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is there any function to check if a given date is valid or not? I don't want to write anything from scratch.

e.g. 32/10/2012 is not valid and 10/10/2010 is valid

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Where does this value originate? What is done with it? – Jim Fell Feb 24 '12 at 19:29
it's the input. I just wanna check if it's valid or not. – MBZ Feb 24 '12 at 19:31
up vote 5 down vote accepted

If your string is always in that format the easiest thing to do would be to split the string into its three components, populate a tm structure and pass it to mktime(). If it returns -1 then it's not a valid date.

You could also use Boost.Date_Time to parse it:

string inp("10/10/2010");
string format("%d/%m/%Y");
date d;
d = parser.parse_date(inp, format, svp);
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What svp and parser are? – q0987 Dec 5 '13 at 19:24
mktime will normalize a date. For example, if the day is negative, it will wrap back to the previous month and adjust the day and month members accordingly. – Cemafor Sep 23 '15 at 20:32

The boost date time class should be able to handle what you require. See http://www.boost.org/doc/libs/release/doc/html/date_time.html

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Or the current version, boost.org/doc/libs/1_48_0/doc/html/date_time.html – Fred Larson Feb 24 '12 at 19:24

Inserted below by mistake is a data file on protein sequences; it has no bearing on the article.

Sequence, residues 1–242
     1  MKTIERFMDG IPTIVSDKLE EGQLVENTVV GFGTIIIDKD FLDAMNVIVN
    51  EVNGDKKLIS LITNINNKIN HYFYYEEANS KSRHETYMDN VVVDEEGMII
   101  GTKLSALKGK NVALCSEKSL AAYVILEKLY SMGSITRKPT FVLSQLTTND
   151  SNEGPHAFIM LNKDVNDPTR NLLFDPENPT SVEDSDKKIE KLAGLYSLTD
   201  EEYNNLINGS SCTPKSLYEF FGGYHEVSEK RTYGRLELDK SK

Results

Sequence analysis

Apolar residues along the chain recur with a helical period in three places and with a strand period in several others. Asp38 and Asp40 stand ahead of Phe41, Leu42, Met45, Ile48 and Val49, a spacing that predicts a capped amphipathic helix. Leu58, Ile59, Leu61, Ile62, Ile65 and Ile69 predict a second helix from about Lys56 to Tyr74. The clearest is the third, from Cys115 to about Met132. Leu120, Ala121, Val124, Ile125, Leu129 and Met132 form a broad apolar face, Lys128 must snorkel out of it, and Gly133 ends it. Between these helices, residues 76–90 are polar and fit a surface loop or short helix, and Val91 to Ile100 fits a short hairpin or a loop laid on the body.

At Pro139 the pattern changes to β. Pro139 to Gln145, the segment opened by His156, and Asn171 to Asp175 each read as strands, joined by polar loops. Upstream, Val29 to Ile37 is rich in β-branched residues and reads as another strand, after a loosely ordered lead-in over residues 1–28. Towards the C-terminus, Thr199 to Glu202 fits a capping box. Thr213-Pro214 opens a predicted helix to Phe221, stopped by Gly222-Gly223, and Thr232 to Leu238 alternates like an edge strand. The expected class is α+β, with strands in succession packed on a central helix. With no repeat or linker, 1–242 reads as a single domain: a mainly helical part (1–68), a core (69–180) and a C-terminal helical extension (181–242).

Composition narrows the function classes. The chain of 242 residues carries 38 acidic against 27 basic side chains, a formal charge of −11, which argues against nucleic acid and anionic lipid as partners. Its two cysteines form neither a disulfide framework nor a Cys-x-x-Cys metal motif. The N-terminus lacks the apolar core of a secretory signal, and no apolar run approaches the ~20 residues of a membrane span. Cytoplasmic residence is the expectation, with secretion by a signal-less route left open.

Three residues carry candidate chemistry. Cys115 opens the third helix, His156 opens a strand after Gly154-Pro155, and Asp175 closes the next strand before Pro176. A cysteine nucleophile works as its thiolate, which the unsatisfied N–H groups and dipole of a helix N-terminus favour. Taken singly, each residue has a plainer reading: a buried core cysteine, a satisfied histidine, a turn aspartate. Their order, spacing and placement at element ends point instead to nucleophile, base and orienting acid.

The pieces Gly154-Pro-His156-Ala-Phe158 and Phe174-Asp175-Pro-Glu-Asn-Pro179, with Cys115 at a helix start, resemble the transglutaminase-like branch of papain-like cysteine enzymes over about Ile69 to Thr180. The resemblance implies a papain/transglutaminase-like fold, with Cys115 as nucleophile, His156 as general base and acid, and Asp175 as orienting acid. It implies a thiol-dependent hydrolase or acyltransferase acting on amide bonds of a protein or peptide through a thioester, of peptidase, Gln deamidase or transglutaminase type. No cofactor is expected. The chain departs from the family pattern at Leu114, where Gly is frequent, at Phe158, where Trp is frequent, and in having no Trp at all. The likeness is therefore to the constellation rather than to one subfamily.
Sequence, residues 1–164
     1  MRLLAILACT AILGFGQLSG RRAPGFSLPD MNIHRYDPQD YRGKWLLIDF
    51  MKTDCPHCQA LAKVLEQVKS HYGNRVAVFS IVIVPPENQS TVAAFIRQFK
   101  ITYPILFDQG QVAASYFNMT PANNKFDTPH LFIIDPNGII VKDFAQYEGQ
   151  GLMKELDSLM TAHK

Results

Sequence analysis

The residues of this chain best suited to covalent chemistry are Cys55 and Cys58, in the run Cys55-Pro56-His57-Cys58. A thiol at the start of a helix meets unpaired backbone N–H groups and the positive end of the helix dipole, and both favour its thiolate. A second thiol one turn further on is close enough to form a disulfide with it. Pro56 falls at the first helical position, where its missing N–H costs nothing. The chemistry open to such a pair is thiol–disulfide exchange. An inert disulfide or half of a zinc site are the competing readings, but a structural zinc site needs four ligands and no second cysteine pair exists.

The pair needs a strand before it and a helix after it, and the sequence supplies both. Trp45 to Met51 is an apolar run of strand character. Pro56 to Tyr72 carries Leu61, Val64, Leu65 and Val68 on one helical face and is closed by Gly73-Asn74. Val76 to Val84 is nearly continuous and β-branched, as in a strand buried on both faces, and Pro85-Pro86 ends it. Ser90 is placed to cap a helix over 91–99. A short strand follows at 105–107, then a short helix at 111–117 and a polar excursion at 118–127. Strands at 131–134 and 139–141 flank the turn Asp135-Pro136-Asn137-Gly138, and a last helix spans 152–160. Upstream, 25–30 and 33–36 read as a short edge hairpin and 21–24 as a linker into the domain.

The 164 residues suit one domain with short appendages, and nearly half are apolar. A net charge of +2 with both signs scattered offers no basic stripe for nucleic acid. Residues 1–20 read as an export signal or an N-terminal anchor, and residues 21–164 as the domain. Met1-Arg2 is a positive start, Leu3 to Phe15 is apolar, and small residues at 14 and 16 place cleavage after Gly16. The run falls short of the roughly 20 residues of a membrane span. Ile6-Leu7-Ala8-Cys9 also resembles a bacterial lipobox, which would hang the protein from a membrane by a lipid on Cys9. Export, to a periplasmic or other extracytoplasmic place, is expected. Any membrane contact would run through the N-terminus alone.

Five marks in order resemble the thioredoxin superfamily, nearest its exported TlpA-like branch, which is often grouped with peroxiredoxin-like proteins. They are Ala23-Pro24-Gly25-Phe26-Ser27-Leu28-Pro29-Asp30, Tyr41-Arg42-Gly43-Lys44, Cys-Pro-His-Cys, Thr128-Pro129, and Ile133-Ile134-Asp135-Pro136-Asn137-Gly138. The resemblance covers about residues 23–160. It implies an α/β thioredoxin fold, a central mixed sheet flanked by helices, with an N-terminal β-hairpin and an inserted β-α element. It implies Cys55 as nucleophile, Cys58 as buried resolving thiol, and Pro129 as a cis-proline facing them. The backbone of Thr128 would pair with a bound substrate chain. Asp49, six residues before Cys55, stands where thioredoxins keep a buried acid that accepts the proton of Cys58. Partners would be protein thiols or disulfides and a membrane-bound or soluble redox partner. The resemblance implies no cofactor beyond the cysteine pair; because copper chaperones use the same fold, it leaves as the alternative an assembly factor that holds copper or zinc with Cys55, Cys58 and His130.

Ahh. Yes, let me edit my post to reflect that. Thank you Fred. – Alikar Feb 24 '12 at 19:29
Or what I'm sure is the current release link. :) Thank you Vlad. – Alikar Feb 24 '12 at 19:36

If the format of the date is constant and you don't want to use boost, you can always use strptime, defined in the ctime header:

const char date1[] = "32/10/2012";
const char date2[] = "10/10/2012";
struct tm tm;

if (!strptime(date1, "%d/%m/%Y", &tm)) std::cout << "date1 isn't valid\n";
if (!strptime(date2, "%d/%m/%Y", &tm)) std::cout << "date2 isn't valid\n";
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Bear in mind strptime() is a non-standard extension that is not available on all systems (including Windows). – spencercw Feb 24 '12 at 19:54
@spencercw: Indeed. There are, however, open source implementations for most systems, including Windows. Also, it's a POSIX's standard. :) – netcoder Feb 24 '12 at 19:57

If the slashes are inserted programatically (I would assume so, since you're assuming that they'll always be there.), it would probably be best to validate the month, day, and year separately. For example:

if ( (month < 1) || (month > 12) ) return false;
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What about "mm/dd/yyyy" => 02/31/20xx ? – NINCOMPOOP Apr 17 '13 at 16:30

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